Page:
The Girl Who Runs Out of Movies

There seems to be a very delicate balance between not being ready to face certain emotional triggers and just not wanting to at all.  It’s hard to discern whether things are too raw for me and I should wait, or I have to just push through a bit of discomfort and basically face my fears.  Yesterday we accidentally misjudged which category a particular outing fell into.  There are a number of movies out right now that I want to see.  One of those movies is The Secret Life of Pets, and in an effort to get me out into the world, my husband bought tickets for us yesterday.  That it was a children’s movie didn’t even cross our minds.  We’ve always loved animated movies.  The first movie that my husband and I ever watched together was How to Train Your Dragon.

When my husband booked the tickets (it’s one of those theaters with reserved reclining seats), not a single ticket had been reserved yet.  The movie had been out a while, and we expected an empty theater.  We were quite wrong.  When we arrived, it was empty.  Then a steady stream of mothers with little boys walked in and took their seats.  I sat there anxiously and mentioned to my husband that this might have been a bad idea.  A few years from now, that was supposed to be me with Isaac and his little buddies from pre-school.  However, I decided that these were emotions that I could push through.  I probably could have.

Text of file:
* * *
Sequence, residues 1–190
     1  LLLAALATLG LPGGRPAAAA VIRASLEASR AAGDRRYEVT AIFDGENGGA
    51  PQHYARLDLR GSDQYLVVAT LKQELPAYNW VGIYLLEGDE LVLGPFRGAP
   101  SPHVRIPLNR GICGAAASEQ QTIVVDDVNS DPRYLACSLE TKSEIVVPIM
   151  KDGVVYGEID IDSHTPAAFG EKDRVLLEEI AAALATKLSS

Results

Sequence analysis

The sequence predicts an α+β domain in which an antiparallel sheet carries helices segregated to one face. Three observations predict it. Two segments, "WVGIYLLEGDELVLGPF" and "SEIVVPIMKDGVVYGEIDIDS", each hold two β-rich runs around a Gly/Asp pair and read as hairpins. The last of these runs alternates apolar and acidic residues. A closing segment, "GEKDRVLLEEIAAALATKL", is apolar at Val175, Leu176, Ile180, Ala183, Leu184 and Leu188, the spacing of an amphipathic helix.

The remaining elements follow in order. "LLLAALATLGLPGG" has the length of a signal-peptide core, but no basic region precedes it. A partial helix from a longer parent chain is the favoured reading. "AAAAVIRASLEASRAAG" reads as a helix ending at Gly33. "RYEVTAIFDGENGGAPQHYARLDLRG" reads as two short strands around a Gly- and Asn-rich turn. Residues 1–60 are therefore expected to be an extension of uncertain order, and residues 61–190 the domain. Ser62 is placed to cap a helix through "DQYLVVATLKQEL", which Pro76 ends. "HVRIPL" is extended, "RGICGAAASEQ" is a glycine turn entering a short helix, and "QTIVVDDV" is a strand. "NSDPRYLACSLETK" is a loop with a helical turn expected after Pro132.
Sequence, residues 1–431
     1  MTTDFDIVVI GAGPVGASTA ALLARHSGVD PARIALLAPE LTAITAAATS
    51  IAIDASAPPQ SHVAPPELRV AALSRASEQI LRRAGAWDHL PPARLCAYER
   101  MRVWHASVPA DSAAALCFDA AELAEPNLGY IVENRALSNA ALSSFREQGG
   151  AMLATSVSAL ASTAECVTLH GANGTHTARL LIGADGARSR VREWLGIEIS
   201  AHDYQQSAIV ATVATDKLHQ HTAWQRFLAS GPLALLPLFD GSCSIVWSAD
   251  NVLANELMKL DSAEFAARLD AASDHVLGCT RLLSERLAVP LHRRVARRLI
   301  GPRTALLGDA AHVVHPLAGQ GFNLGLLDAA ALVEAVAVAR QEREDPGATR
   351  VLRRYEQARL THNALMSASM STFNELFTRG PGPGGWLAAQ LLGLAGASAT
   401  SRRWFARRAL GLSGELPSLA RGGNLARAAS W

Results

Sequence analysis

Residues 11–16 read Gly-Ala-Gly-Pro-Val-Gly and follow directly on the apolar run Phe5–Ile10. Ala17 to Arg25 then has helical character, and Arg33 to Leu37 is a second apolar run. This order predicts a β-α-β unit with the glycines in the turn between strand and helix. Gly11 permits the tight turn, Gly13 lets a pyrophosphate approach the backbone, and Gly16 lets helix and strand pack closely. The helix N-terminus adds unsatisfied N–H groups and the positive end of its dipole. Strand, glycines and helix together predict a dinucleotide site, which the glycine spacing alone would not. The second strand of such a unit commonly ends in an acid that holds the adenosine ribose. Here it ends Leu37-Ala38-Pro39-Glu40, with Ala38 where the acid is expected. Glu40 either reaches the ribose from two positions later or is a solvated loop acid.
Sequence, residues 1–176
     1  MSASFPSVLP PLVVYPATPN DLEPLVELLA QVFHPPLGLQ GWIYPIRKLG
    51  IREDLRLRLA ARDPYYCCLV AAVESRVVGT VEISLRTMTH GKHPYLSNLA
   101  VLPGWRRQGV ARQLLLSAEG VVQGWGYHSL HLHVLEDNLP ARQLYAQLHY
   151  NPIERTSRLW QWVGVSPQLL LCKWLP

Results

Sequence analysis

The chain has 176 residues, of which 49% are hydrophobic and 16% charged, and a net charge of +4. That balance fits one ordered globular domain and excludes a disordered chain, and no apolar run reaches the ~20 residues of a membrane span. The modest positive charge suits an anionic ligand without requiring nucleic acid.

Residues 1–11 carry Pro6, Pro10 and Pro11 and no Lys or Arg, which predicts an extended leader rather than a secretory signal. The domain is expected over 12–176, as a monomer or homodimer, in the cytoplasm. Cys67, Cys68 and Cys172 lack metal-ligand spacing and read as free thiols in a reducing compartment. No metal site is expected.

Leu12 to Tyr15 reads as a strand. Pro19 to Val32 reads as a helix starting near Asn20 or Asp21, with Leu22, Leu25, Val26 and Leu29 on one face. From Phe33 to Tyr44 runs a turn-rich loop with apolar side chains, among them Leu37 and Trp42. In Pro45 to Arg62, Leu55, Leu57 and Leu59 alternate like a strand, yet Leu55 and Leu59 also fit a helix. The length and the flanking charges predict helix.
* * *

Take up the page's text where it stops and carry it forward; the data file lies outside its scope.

As the previews started, I continued to doubt our decision to go to an animated movie. The first preview was for a movie called Storks, a movie playing on the tales parents tell their kids about where babies come from.  The preview put a lump in my throat, but as it ended the feeling passed.

Then the unthinkable happened.  A couple came in, right as the movie was about to start, and sat down in the empty seats to our left.  So we weren’t the only adults in the area who wanted to see a kids movie on a Friday at lunchtime – no big deal.  However, this wasn’t just any couple.  The wife was extremely pregnant and happy.  I’d venture she was about as pregnant as I should have been right now.  Today I would have been 36 weeks pregnant.  I couldn’t stop peeking over at her.  Did they know how lucky they were?  Did they know how quickly it could be over?

Maybe the pregnant couple shouldn’t have been so upsetting to me, but – you see – there was a reason we didn’t see the movie right when it came out.  I was saving up movies to see as a way to escape the August heat while waiting for Isaac to arrive.  We were supposed to be that happy pregnant couple, but instead our baby boy is already gone and I am the woman who can’t stop staring at the pregnant girl in the movie theater.